Stevens's acceptance speech included a memorable recollection of his childhood experience going to Grauman's Chinese Theatre for the 16th Academy Awards, where his father lost Best Director to Michael Curtiz for "Casablanca."
"We was robbed!" exclaimed the young boy, but as noted on this special night, he was far from robbed now and was happy to look to a current moviemaking community with new films that will stand the test of time thanks to "filmmakers among us who will swim into the currents."
A lifelong admirer whose spectacular car chase in "Death Proof" (2007) was inspired by Needham's go-for-broke attitude, Tarantino praised the director's work with Burt Reynolds as well as his distinctive contributions to the 1975 western "Take a Hard Ride" from one of Tarantino's favorite directors, Antonio Margheriti.
Also on hand to salute Needham were 23-year-old Logan Holladay, the newest member of the Needham-founded Stunts Untied, and Albert S. Ruddy, Oscar-winning producer of "The Godfather" (1972), who shared a hilarious story about a spectacular mishap with a missile during production of the Needham-directed "Megaforce" (1982).
To the rambunctious rhythms of "East Bound & Down" from Needham's hit directorial debut, "Smokey and the Bandit," Needham accepted his award as "an innovator, mentor, and master technician who elevated his craft to an art and made the impossible look easy." He said he always regarded his career as great fun whether it involved falling off of horses, dodging explosions, or tearing along dirt roads at high speed, and his spectacular vehicular work can be seen in such films as "White Lightning" (1973) and "Gator" (1976) as well as his other directorial projects like "Hooper" (1978) and "The Cannonball Run" (1981).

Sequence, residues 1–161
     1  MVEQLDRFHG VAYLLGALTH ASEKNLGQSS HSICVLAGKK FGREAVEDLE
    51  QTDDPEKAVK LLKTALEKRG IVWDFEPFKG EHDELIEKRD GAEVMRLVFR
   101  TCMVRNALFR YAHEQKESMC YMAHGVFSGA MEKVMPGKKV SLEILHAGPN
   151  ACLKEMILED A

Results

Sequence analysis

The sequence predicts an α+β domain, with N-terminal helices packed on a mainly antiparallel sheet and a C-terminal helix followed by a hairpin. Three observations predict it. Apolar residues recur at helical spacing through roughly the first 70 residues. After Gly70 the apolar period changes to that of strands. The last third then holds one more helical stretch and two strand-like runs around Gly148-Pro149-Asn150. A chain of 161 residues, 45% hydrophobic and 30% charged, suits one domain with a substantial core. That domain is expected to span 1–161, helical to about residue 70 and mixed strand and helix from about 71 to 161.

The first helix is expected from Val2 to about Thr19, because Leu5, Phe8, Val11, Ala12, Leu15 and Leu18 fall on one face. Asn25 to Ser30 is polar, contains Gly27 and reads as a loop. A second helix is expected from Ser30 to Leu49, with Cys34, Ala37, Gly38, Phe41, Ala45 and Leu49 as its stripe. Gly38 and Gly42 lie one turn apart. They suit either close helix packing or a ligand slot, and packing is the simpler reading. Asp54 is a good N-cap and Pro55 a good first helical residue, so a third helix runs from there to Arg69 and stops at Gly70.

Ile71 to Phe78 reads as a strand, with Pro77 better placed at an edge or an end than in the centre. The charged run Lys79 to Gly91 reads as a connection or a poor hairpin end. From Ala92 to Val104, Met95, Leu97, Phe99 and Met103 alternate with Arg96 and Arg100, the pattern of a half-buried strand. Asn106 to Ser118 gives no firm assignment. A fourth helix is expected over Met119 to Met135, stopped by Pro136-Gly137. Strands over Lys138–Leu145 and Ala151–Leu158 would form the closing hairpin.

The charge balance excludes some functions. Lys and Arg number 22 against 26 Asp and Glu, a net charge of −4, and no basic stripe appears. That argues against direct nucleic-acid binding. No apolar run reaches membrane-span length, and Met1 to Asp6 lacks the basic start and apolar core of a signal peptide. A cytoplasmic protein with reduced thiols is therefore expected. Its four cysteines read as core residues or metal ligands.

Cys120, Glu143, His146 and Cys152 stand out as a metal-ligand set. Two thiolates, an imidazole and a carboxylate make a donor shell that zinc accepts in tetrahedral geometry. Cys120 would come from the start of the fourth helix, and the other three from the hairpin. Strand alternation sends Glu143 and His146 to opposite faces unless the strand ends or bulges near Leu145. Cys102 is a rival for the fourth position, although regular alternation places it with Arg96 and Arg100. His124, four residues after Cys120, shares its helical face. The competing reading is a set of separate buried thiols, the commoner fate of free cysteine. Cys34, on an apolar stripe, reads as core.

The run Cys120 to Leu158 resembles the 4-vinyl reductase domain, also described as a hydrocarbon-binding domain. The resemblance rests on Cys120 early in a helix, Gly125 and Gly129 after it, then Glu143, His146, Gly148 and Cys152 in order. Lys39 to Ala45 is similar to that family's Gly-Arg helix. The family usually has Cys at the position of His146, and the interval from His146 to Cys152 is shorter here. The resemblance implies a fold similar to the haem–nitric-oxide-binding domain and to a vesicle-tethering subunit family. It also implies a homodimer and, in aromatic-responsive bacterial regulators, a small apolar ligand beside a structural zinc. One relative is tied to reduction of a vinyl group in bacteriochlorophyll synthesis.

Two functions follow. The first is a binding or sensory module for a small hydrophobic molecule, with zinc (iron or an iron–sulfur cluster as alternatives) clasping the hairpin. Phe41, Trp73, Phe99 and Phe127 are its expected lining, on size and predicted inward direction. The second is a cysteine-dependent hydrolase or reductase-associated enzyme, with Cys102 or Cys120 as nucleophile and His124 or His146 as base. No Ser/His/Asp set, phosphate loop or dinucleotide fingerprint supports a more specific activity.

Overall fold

Teary-eyed, Needham recalled a memorable inauguration into the business thanks to his first production working with Billy Wilder on "The Spirit of St. Louis" (1957) and touchingly exclaimed, "My mama's looking down with a big smile on her face."
The final award of the evening was the prestigious Jean Hersholt Humanitarian Award given to Jeffrey Katzenberg, "who has led our community in enlightened philanthropy by his extraordinary example."
Involved in philanthropy since his adolescence, Katzenberg has continued to give back throughout his career including his roles as vice president of feature production at Paramount, chairman of film production at Walt Disney Studios, and co-founder of DreamWorks SKG and current CEO of Dreamworks Animation. Katzenberg's generosity has never flagged through the years, whether as Founding Chairman of the Motion Picture & Television Fund or co-founder of the Marilyn & Jeffrey Katzenberg Foundation with his wife.
Two famous actors who have worked on Katzenberg's live-action and animated productions over the years were on hand to welcome him to the microphone. First was Will Smith, star of such DreamWorks Productions as "Shark Tale" (2004) and "The Legend of Bagger Vance" (2000), who humorously demonstrated the difference between Katzenberg phone calls to talk about business or ask for a sizable charitable contribution.
Then, Oscar winner Tom Hanks, a Governor for the Academy's Actors Branch, explained how Katzenberg's fundraising prowess had served him well in the "raucous jungle" of both New York City and Los Angeles while his landmark charity event in the wake of 9/11 "set a standard for how America helps out Americans in times of need."
As the night's four honorees reunited for a group photo on the stage at the close of the evening, each man's words continued to resound and providing an inspiring example to future generations of filmmakers and benefactors to come.
The Governors Awards ceremony was produced by Don Mischer, Cheryl Boone Isaacs, Charlie Haykel, and Julianne Hare, and highlights from the evening will also be presented when the recipients appear as part of the 85th Academy Awards on February 24, 2013.